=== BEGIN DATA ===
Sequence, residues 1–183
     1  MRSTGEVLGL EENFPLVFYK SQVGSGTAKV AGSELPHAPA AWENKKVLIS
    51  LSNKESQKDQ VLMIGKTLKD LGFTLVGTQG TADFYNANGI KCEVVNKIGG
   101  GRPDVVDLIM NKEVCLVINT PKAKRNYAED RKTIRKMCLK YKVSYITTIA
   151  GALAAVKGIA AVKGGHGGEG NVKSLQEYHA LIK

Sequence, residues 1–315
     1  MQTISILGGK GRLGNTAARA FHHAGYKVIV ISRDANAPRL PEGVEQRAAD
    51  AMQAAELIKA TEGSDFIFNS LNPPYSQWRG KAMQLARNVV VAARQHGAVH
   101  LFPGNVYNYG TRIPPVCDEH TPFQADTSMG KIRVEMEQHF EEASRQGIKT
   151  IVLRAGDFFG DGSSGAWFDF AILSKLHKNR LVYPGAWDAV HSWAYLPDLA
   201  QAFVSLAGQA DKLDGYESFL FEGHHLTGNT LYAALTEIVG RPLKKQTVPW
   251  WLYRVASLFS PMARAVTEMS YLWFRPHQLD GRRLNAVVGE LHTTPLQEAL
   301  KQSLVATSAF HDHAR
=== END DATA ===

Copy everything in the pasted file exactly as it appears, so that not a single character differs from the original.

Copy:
Sequence, residues 1–183
     1  MRSTGEVLGL EENFPLVFYK SQVGSGTAKV AGSELPHAPA AWENKKVLIS
    51  LSNKESQKDQ VLMIGKTLKD LGFTLVGTQG TADFYNANGI KCEVVNKIGG
   101  GRPDVVDLIM NKEVCLVINT PKAKRNYAED RKTIRKMCLK YKVSYITTIA
   151  GALAAVKGIA AVKGGHGGEG NVKSLQEYHA LIK

Sequence, residues 1–315
     1  MQTISILGGK GRLGNTAARA FHHAGYKVIV ISRDANAPRL PEGVEQRAAD
    51  AMQAAELIKA TEGSDFIFNS LNPPYSQWRG KAMQLARNVV VAARQHGAVH
   101  LFPGNVYNYG TRIPPVCDEH TPFQADTSMG KIRVEMEQHF EEASRQGIKT
   151  IVLRAGDFFG DGSSGAWFDF AILSKLHKNR LVYPGAWDAV HSWAYLPDLA
   201  QAFVSLAGQA DKLDGYESFL FEGHHLTGNT LYAALTEIVG RPLKKQTVPW
   251  WLYRVASLFS PMARAVTEMS YLWFRPHQLD GRRLNAVVGE LHTTPLQEAL
   301  KQSLVATSAF HDHAR